Microsoft has just released a new section of the MSDN web site for those developers upgrading from ASP.NET 1.x to ASP.NET 2.0. Check it out.
A couple of the articles I found most interesting:
My day job includes a mix of C# development on .NET 1.1 and 2.0 with most development moving to 2.0 in the near future. We use Telerik radControls for much of our ASP.NET user interface and Telerik has yet to give us a set of controls we can use with VS 2005. Once this occurs we will probably converting all of our existing ASP.NET 1.1 code to 2.0.
I am working on a VS.NET 2003 C# web project that contains multiple projects and on occasion I get an annoying fatal build error (CS0042):
Unexpected error creating debug information file ‘<project path>\obj\Debug\<DLL Name>.PDB’: The process cannot access the file because it is being used by another process.
Starting with a Google search led me to many developers having the same or similar problems with the following advice:
- Exit VS.NET, restart VS.NET and reopen project
- Change project from Debug Build to Release Build and visa-versa.
- Remove all Enums from classes and just use in the namespace
- Ensure all DLL projects have ‘CopyLocal’ set to true AND references to these DLL’s be a Project Reference and not simple a DLL reference.
I followed all of the guidance of the experiences I saw in my Google search with #1 working every time. The only problem with this solution was exiting and restarting VS.NET all the time. In case you haven’t had the pleasure, it takes a long time to load. Although this worked, it didn’t seem the greatest solution to me and was a poor way to fix a deeper problem.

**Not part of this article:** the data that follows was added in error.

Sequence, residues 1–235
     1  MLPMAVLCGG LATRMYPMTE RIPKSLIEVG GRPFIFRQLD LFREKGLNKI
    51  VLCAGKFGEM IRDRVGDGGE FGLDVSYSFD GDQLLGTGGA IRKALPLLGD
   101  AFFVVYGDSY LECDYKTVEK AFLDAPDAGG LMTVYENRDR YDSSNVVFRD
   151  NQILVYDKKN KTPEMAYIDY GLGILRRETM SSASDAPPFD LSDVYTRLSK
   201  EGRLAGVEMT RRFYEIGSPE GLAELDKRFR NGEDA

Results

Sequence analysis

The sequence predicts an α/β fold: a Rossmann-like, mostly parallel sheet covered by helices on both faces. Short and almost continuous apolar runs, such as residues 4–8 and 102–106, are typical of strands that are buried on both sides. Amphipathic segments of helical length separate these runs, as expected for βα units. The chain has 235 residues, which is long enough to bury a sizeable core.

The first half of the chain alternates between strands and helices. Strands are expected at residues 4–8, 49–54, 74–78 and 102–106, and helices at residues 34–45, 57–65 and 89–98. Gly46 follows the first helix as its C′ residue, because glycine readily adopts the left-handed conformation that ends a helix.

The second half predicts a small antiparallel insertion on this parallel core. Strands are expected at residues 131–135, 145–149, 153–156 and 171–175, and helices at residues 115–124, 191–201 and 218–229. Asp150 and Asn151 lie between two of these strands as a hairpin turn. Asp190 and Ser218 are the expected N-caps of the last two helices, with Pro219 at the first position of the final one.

Further sluething using Process Explorer from Sysinternals revealed Devenv.exe was holding my PDB file open. A post to the MSDN .NET General Newsgroup let to some further clues.
As I pointed out, I am not the only one having this problem, and it seems Microsoft is well aware of these issues. KnowledgeBase articles 313512 and 887818 show occurances of the bug and a hotfix that is available by request-only. I don’t think this is the right approach to such an annoying problem and either does Frans Bouma who has a great post on his blog about this very problem and the lack of service pack for VS.NET 2003.
I called Microsoft to request this hotfix and the person I spoke with fromt he VS.NET 2003 C# Support Team told me I was the third person requesting this hotfix THIS MORNING. So, why don’t we see a service pack before now? We have seen multiple hotfixes for Windows XP already and VS.NET 2003 has been in use just as long. If I recall correctly we had six service packs for Visual Studio 6.
I have installed the hotfix and all seems to be working well with no problems reported. I hope this helps others out there.